Classification of Child Protection Concernsby Social Work Services on Apr 25, 2012 • 9:14 am No Comments
In a broad sense interpretations of Article 19 of the United Nations Convention on the Rights of the Child apply. On a more specific level conditions and circumstances described by section 47 of the Children Act 1989 will be decisive. If in doubt, pages 2 and 3 of “What to do if you’re worried a child is being abused” (Department of Health 2003) will provide clarification.
Handling of inquiries and cases
Where conflict exists, the best interest of the child should always take precedence over those of other family members.
When an inquiry is received, the duty social worker will ascertain the seriousness and urgency of the referral. In cases where this seems appropriate, she or he will refer the inquirer directly to the police, a diplomatic representation, or other statutory agency in order to prevent (further) harm to the child. In urgent cases ISS staff will take immediate steps to alert an overseas unit of ISS or the relevant social services or police department.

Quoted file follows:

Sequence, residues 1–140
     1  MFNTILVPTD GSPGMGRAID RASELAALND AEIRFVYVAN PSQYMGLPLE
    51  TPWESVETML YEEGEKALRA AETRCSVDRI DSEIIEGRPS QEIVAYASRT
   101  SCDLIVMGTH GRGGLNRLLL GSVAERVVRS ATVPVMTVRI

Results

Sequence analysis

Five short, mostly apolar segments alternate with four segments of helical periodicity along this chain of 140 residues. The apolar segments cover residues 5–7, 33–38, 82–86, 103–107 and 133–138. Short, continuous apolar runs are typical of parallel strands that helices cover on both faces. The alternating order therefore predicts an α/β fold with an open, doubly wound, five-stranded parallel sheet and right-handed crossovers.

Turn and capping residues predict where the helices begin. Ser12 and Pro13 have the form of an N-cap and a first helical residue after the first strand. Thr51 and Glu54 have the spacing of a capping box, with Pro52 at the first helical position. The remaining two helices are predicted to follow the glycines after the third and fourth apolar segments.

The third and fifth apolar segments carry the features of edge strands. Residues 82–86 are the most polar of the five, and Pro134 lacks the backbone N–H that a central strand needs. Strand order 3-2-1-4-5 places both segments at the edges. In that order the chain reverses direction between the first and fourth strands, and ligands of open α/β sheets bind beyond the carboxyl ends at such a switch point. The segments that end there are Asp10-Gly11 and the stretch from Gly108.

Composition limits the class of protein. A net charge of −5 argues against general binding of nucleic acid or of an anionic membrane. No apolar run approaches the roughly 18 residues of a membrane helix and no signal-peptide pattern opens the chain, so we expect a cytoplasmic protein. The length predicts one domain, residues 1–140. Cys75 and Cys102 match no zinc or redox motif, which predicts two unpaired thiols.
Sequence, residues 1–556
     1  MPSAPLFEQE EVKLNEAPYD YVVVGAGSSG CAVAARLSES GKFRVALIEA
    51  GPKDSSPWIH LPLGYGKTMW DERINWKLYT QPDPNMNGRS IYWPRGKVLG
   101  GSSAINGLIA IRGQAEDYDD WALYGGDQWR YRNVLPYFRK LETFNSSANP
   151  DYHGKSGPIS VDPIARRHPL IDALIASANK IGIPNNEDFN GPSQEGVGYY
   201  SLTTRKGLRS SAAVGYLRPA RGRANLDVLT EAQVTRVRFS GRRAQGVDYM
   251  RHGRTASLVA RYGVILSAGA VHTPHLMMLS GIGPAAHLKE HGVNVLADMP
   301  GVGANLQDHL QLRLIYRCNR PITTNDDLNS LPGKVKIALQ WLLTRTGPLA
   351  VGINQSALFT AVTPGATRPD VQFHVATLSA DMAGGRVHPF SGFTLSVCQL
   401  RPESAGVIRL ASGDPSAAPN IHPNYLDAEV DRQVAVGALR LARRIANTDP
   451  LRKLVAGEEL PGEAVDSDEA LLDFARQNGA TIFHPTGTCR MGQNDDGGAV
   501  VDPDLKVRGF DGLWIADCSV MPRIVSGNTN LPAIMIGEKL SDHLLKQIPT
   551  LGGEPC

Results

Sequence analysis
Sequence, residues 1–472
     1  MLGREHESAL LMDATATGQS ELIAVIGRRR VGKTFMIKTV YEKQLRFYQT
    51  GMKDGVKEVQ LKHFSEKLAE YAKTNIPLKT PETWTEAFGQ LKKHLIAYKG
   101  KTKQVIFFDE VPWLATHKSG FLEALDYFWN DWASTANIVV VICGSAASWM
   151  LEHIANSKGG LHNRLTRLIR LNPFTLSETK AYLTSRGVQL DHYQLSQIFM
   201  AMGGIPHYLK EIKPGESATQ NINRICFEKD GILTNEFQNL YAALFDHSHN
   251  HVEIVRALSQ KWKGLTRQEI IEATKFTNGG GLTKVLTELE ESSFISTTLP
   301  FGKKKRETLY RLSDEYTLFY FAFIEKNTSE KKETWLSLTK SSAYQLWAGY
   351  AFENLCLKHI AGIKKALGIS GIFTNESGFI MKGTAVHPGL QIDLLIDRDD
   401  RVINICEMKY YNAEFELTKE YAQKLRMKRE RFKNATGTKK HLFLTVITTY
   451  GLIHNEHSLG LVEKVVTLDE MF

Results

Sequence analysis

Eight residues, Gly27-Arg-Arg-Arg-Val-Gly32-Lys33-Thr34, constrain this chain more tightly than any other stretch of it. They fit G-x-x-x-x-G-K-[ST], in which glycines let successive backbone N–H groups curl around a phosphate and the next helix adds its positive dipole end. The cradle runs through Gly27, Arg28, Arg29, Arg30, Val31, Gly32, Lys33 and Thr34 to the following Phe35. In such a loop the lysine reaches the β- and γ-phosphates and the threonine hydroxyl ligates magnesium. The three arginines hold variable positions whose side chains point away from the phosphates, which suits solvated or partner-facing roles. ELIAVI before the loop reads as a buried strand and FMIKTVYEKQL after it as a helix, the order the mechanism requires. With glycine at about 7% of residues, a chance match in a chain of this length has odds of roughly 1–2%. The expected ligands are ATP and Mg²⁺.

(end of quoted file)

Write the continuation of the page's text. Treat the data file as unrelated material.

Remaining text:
The fact that a child’s name is placed on a Child Protection Register at a local authority in the United Kingdom might not in itself constitute a child protection case. Therefore, it is important to establish and to record the circumstances, which do or could lead to a situation of potential harm to the child. It should also be tried to establish factors likely to increase and decrease the risk of harm. The referrer should always be asked to specify her or his concern. Attention has to be paid to other children in the same household or to whom the abusive person has access to and whether these children are at risk of harm, too.